Bourbon Cowboy

The adventures of an urbane bar-hopping transplant to New York.

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Location: New York, New York, United States

I'm a storyteller in the New York area who is a regular on NPR's "This American Life" and at shows around the city. Moved to New York in 2006 and am working on selling a memoir of my years as a greeting card writer, and (as a personal, noncommercial obsession) a nonfiction book called "How to Love God Without Being a Jerk." My agent is Adam Chromy at Artists and Artisans. If you came here after hearing about my book on "This American Life" and Googling my name, the "How to Love God" book itself isn't in print yet, and may not even see print in its current form (I'm focusing on humorous memoir), but here's a sample I've posted in case you're curious anyway: Sample How To Love God Introduction, Pt. 1 of 3. Or just look through the archives for September 18, 2007.) The book you should be expecting is the greeting card book, about which more information is pending. Keep checking back!

Tuesday, August 29, 2006

Reading Up On Islam

If you're curious at all about Islam, I strongly strongly strongly recommend Reza Aslan's No God But God: The Origins, Evolution, and Future of Islam. (I just finished it and thought, "Well heck; I've still got twenty minutes before lunch hour ends.") Before this, I've read Karen Armstrong's Muhammad: A Life of the Prophet, which is a clearly-stated summary of Muslim history as Muslims tend to see it. Valuable for precisely that reason, but also (of course) unhelpful if you're asking things like, "But what about liberal Muslims?" I also ready What's Right With Islam Is What's Right With America (forgot the author), and it's a very interesting take on the whole issue written by an interfaith-focused imam who serves a mosque just 12 blocks from the World Trade Center. He's a voice of warm reasonableness---and makes a powerful case that the earliest Muslims established a tradition of democracy that America would do well to live up to. But he's so liberal that it's hard to know how mainstream any of his views are.

This is what's so great about Aslan's book. For one thing, it's beautifully written. But more to the point, he constantly shuffles between what Muslims practice and what he personally believes, and helps you understand pretty much everyone. By the time I read his history of the Prophet, I'd read two others already, and his take is probably the most comprehensive and yet efficient. He's not a Sufi, but he conveys Sufism with stunning vividness; the chapter on Shi'ism alone is worth the price of the book. But then he explains---actually explains!---the origins and reasoning of Islamism, Islamic fundamentalism, and other movements against the history of colonialism and post-colonialism, and I'm putting the book down feeling very educated indeed. (This is not to diss Karen Armstrong, whose book has been a great source of sympathy. Aslan gives her props a few times, so it's not just me.)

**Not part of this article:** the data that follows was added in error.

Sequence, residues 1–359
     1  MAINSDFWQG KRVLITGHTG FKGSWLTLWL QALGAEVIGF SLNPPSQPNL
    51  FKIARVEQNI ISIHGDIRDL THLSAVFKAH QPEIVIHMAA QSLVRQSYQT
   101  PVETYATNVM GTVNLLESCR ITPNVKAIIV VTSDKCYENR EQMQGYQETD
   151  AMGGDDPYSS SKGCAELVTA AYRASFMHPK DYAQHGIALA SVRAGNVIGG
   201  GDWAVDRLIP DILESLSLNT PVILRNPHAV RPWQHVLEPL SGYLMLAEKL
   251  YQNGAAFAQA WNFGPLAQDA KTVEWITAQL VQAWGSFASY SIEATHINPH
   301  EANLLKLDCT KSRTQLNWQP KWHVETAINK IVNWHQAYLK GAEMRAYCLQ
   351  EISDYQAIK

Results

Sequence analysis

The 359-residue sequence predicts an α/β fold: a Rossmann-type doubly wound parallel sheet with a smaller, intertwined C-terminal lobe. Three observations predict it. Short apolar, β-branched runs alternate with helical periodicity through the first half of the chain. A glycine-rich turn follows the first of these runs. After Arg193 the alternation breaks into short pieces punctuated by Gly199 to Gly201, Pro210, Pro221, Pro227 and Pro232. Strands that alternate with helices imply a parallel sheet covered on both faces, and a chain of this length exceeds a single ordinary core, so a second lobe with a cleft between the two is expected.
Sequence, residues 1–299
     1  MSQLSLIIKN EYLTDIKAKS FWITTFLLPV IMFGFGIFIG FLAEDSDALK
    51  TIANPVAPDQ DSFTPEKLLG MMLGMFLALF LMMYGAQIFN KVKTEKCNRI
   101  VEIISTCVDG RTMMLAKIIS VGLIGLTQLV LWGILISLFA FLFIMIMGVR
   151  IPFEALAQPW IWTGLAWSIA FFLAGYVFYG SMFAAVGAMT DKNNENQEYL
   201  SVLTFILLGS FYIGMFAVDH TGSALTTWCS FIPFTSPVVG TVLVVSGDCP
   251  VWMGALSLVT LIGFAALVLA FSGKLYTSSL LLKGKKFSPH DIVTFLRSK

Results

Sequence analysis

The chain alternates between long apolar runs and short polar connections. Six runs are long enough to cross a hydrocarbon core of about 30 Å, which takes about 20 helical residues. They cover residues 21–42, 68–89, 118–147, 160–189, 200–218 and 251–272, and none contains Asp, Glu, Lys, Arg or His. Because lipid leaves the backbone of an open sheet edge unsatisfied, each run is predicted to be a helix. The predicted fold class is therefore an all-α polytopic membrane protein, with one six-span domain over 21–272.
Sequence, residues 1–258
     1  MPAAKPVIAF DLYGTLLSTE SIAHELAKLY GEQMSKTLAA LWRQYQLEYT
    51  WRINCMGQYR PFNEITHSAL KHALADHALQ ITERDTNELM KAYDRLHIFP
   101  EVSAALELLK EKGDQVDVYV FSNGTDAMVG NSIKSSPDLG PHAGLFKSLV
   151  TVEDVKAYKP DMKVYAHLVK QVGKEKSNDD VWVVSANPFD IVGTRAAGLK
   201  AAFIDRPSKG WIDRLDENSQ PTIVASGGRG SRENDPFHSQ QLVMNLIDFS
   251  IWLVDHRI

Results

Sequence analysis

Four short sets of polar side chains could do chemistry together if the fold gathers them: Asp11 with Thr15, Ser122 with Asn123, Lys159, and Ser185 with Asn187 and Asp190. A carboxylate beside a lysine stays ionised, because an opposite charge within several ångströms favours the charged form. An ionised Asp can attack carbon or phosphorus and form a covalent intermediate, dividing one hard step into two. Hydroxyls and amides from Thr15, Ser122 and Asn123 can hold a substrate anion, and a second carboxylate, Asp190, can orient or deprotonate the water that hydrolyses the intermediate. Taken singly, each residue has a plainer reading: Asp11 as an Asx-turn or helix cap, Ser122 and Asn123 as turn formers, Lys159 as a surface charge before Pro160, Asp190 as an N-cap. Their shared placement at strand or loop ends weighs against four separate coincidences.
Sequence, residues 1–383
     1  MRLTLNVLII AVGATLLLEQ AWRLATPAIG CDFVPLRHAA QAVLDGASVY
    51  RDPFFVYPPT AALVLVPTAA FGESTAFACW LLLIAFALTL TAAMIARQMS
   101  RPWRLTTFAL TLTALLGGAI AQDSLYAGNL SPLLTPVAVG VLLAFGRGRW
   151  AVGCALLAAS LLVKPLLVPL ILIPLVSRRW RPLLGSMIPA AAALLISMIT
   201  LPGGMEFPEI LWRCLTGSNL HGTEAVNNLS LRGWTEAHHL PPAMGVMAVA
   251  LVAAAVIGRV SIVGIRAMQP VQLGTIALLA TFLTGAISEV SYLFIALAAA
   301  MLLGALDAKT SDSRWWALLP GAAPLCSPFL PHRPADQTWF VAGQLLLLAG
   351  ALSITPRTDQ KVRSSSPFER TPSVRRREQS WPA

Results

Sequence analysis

Reza Aslan's overall take, if you should want it, is that Islam is not an inherently violent religion (big surprise) nor an inherently intolerant one. Normally and historically. (through the middle ages and beyond, Jews and Muslims lived together in almost perfect harmony by comparison to the Jews and the Christians.) But Islam is in the middle of a Reformation and a crisis of identity, and America is the backdrop that these Muslim identities---moderate, radical, religious, secular, rationalist, etc.---are performed against. (On the very first page, he points out that the train bombings in London occurred in a predominantly middle-class Muslim neighborhood. The target wasn't America or Westerners, but moderate Muslims.) Which has sort of been my own theory all along: that terrorism now is sort of like what happened with the Wobblies at the start of the Industrial Age: violent conflicts, businessmen being lynched, bombs going off at factories ... and where are they now?

So my own hope is that peace will arrive in due time as these revolutionary movements work out their troubles. In the meantime, Aslan's book is a terrific tonic for anyone who wants to know what most Muslims---who, like most people, are pretty decent one by one---believe and hope for. I'm going to keep reading other books, but I doubt I'll find any better single-volume treatment of all the major questions.

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